The other thing that I think is important in Tasmania is that Tasmania is small but it is very multicultural now and there are pockets of resistance to that still but I think we need to take the journey with our global brothers and sisters to understand what’s happening in the world at the moment.  Under any circumstance or measure, there’s some huge global challenges and so we want the young people coming through to have a framework for understanding that and hopefully an ability to influence that in one way or the other.  

Q: There’s so many issues affecting the world at the moment.  Would it be fair to say acting locally and thinking globally is one of the concepts that can be used?

A: Sure, yeah.  As you say, there’s rich pickings in terms of deciding whether you want to get involved in something because there’s a lot to be involved in and people will gravitate.  I mean, some people will have the environment as their primary concern, other people will have social justice, other people have animal rights and so it goes on.  I think they’re all legitimate.  I think it’s good to keep connected locally but not to keep your head down.  We want people to look out into the world and particularly now where the world is a click away on our smart phones.  There’s so much information that young people can access which was very different to my day and so we’re exposed to both.  I think local communities also need input from young people. 

Young people don’t need to work in the aid sector to do that, they can go and be a doctor or an accountant or a teacher or a public servant but if they carry with them a sense of conviction about the fact that they can contribute to making the world a better place

Q: How can people help in terms of Oxfam itself?  Are you planning to have a bigger presence in Tasmania and how can people get involved apart from financially contributing?

A: Oxfam is an influencing international non-government organisation.  We don’t see ourselves as a charity, we see ourselves very much as an activist organisation.  There are many campaigns that we’re involved in.  One of the simple ways that people in Tasmania can get involved is actually by participating in the online campaigning that we do.  We have an active presence around climate change.  At the moment, we’re got a big spurt on coal and the impact that that’s having on emissions and Australia’s ability to achieve its own targets.  We know that that’s an issue that’s very close to the hearts of Tasmanians.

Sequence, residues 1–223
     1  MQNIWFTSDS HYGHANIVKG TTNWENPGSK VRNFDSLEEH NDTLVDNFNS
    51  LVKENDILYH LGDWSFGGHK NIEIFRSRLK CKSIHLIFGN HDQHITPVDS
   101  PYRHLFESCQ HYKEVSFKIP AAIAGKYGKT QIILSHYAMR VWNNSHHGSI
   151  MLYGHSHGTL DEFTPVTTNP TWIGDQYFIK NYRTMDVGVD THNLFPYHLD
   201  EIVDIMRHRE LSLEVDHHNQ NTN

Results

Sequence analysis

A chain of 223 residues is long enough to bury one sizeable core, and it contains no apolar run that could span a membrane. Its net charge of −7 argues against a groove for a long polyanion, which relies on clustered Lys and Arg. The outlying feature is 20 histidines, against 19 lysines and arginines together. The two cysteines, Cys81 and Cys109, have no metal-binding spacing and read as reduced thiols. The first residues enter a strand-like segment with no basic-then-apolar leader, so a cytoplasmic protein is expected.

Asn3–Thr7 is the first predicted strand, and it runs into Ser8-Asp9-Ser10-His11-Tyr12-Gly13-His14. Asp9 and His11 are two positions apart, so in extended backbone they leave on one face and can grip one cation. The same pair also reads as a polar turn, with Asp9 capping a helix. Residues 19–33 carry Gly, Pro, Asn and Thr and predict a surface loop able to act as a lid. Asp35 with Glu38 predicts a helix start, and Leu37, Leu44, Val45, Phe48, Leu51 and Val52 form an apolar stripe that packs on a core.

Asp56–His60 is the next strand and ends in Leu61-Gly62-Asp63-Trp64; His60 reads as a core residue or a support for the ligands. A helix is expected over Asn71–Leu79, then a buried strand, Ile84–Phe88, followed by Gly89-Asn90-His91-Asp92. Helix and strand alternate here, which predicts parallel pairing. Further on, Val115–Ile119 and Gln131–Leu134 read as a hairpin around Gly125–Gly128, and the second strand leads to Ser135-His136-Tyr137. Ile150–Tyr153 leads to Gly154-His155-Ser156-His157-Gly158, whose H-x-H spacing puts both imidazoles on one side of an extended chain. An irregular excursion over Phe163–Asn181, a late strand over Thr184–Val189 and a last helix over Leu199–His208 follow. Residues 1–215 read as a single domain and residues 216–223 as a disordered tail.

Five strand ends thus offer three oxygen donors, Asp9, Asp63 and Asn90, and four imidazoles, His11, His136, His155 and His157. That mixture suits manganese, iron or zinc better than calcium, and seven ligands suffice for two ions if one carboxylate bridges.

Q: What does justice mean to you?

A: Justice means two things for me.  The first is that people feel that they are able to have a say about what impacts on their life and that’s the empowerment principle and that deals with whether it’s around gender equity, diversity, cultural diversity, whatever the case may be but I think it’s really important that people feel that they can influence what happens to them or to their community or to their family or to their country.  The second is having equal access to the sort of opportunities that will allow people to live the life that they want to lead and that means that in countries like Australia, even though we’re a wealthy country, we really need to think about what are the social protection systems that ensure people do have access to education, that they do have access to being able to go to university, that they can have the liberation of education to then decide what they want to do with their lives economically. 

To see the wonderful work that OXFAM Australia does and to be part of their campaigns visit their website.

If you are interested in making a genuine change and passionate about social justice and human rights, criminology, police and forensic studies, come and join us at the University of Tasmania and study for a Bachelor of Justice Studies degree.

Be the positive change in a changing world.